An eight-year-old juvenile chimpanzee named Kakama trudged along a path among the forest trees, following his pregnant mother. A scientist sat silently at a distance, watching Kakama pick up a log and carry it with him for hours. At one point, Kakama made a nest and placed the log in it, as if it were a small chimpanzee. Months later, two field assistants observed the same thing: Kakama was playing with a similar log, which they labelled "Kakama's toy baby."
Was Kakama simply confused? Did he really think that the log was a smaller version of himself? Or did Kakama know that the log was really a log, and was only pretending that the log was a baby?
Kanzi, the famous bonobo, liked to pretend as well. Primatologist Sue Savage-Rumbaugh described watching Kanzi hide invisible objects under blankets or leaves, later removing them from their hiding spots, and pretending to eat them. "Kanzi also engages the participation of others" in these games, Savage-Rumbaugh notes, "by giving them the pretend object and watching to see what they do with it."
From an early age, human children act out imagined scenes that conflict with reality. Psychologist Robert W Mitchell calls children "proto-typical pretenders", and he writes that pretend play, or make-believe, is "a mental activity involving imagination". Which is, admittedly, useless as a definition.
Dreams could be thought of as being one form of imagination. When researchers measured the brain activity of rats as they were learning to navigate a maze, they saw the same firing pattern while they were asleep as when they were awake. The rats were running through the mazes in their sleep – it was as if someone had pressed the rewind button on a brain activity recorder, and pressed play.
But pretending or "make believe" requires a bit more mental complexity than that. One kind of pretence involves imagining that one object, such as a banana, is actually a second type of object, such as a telephone, or imagining that a lifeless object such as a doll is actually animate – both of which were observed with Kakama.
Flights of fantasy
Another type of pretence involves imagining an object that isn't even there in the first place, such as when children (or adults) play air guitar. An illuminating example of this sort of imagination comes from a chimpanzee named Viki who was raised in a human home. Viki had lots of toys, including some attached to strings that could be pulled along. Primatologists Mary Lee Jensvold and Roger Fouts recount the original description of Viki's behaviour: "Very slowly and deliberately she was marching around the toilet, trailing the fingertips of one hand on the floor. Now and then she paused, glanced back at her hand, and then resumed her progress… She trudged along just this busily on two feet and one hand, while the other arm extended backward this way to pull the toy. Viki had an imaginary pulltoy!" And not only that. Viki sometimes acted as if her pulltoy had got stuck on something. She tugged on the invisible string until she imagined that the toy had gotten free. Once, when her invisible toy was "stuck", she waited until her human caregiver pretended to free the toy, before continuing to play with it.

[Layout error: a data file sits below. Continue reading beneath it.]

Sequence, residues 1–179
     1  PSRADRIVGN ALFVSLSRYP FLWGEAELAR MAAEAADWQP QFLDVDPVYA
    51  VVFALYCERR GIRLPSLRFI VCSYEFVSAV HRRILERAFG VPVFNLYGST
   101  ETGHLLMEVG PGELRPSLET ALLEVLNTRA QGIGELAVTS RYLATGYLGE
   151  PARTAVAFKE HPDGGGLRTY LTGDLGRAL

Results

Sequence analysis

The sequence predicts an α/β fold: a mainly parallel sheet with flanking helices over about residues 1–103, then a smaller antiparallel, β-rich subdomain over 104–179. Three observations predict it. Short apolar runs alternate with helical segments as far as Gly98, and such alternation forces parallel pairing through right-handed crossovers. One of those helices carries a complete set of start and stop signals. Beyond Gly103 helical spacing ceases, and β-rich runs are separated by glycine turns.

Some of the more charming examples of animal imagination come from the female gorilla Koko, who was trained to use American Sign Language. Koko routinely pretended that her dolls were her companions, frequently tried to nurse them, and often signed to them, sometimes giving them instructions. In one instance, a five-year-old Koko orchestrated an exchange between two toy gorillas, one blue and one pink. First, looking at the pink gorilla, she signed BAD BAD and then KISS towards the blue one. She then instructed the pair of toys to CHASE and TICKLE before smacking the two dolls together. After wrestling with each doll, Koko stopped and signed, GOOD GORILLA. GOOD GOOD.